Linda Geist
  • Farmland conservation practices can include windbreaks. File photo courtesy of University of Nebraska.

COLUMBIA, Mo. – Various agencies and organizations are promoting practices for soil conservation and ecosystem improvement. These efforts, intended to maintain or improve productivity of the land, often come with financial incentives. Long-term or short-term, these practices also can affect leases and relationships between landowners and tenants.

University of Missouri Extension specialists Ray Massey and Jacob Hefley recently created a publication to help landowners and tenants discuss conservation practices. The publication, “Conservation Provisions in Leases,” is available for free download at

Landowners and tenants may implement practices for different reasons – ethics, long-term investment or profits. These practices can conflict with one another. Some practices, such as ponds, terracing and fencing, can be permanent; others, such as cover crops or crop residue, can be temporary. Costs vary, with shared risks and rewards perceived differently by both parties.

Incorporating conservation practices adds complexity to leasing arrangements, and negotiating terms can be time-consuming, says Hefley. Therefore, begin conversations well in advance of the lease renewal to allow enough time to find common ground and incorporate changes into a written document.

When the lease is negotiated properly, the owner and the tenant should see the costs and benefits as fair. These include rent cost and lease length; cost-sharing; depreciation of practices such as fencing, terraces and waterways; and much more.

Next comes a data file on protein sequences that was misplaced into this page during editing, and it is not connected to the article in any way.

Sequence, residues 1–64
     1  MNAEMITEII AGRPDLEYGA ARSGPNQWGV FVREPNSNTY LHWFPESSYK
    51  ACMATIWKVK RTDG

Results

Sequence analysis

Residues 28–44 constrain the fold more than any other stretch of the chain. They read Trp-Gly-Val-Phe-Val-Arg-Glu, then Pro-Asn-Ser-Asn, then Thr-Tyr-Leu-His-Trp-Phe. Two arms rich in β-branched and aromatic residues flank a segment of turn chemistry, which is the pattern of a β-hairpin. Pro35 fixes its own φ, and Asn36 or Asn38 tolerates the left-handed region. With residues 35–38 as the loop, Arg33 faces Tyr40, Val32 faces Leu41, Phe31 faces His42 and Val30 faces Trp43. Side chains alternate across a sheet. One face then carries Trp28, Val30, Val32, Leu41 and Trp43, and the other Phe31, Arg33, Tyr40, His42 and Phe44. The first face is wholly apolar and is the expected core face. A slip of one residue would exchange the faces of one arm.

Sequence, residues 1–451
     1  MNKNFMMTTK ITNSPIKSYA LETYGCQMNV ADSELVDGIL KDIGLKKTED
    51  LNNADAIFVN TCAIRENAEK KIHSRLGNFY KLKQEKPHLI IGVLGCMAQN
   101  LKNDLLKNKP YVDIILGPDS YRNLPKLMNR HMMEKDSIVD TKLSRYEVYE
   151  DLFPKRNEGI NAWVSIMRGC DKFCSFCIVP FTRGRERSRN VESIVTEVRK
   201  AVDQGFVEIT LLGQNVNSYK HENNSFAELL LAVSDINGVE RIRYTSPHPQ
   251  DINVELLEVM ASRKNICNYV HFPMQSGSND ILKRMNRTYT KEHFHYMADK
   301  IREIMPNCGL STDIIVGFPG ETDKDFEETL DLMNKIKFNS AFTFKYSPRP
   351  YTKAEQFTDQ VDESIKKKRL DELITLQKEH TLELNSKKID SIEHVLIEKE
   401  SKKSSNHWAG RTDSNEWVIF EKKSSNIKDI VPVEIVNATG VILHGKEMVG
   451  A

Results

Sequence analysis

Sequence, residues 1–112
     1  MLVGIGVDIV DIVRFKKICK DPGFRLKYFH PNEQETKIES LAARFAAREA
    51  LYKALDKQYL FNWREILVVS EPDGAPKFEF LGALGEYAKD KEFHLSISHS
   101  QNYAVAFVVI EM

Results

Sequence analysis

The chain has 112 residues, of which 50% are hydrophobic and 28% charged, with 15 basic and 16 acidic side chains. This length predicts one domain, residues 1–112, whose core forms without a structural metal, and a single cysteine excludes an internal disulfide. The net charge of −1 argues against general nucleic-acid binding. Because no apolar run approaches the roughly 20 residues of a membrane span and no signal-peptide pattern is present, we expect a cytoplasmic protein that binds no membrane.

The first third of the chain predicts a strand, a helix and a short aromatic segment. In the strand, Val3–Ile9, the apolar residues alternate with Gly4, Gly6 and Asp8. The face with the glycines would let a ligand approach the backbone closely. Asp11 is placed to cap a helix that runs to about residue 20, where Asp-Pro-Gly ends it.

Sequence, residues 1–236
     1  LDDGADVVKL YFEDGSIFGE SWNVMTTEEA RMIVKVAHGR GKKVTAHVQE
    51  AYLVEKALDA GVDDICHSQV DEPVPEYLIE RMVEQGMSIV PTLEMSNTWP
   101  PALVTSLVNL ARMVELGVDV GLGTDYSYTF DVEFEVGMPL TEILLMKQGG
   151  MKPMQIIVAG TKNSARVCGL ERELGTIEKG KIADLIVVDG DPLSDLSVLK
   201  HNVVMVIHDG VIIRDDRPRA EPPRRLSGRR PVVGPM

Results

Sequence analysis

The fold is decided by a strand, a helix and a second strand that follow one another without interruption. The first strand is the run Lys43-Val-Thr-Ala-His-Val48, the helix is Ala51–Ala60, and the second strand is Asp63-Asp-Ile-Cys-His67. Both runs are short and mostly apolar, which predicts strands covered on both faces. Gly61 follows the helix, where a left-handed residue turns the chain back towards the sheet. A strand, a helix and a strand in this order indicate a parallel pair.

Hefley and Massey recommend a four-step approach to maintaining smooth relationships:

1. Understand the objective. Conservation practices can be for a specific purpose for a specific period. Owners may see conservation practices as a way to improve their land. They may also have emotional ties to the land that affect decision-making. Tenants, on the other hand, may see these practices as something that cuts into profitability on land that they pay to rent.

2. Explore opportunities. Conservation opportunities are site-specific. There is no one-size-fits-all approach in well-planned opportunities. Landowners and tenants should consider each opportunity and different methods to achieve goals.

3. Communicate. Success comes with a clear but flexible plan that recognizes both parties’ objectives and needs. Hefley recommends starting a conversation to gain insight into the other party’s objectives. “Communication may involve the landowner pointing out what the tenant is doing on another field and asking their experience. The conservation can move towards discussing whether it would be appropriate for the leased field,” he says.

4. Document the plan. Include an addendum to the lease that outlines conservation activities, time frames and each party’s roles and responsibilities. As always, leases should be written and include an exit strategy in the event of death of one of the parties or other factors.

The publication also gives resources to learn more as well as a list of frequently asked questions to guide conversations.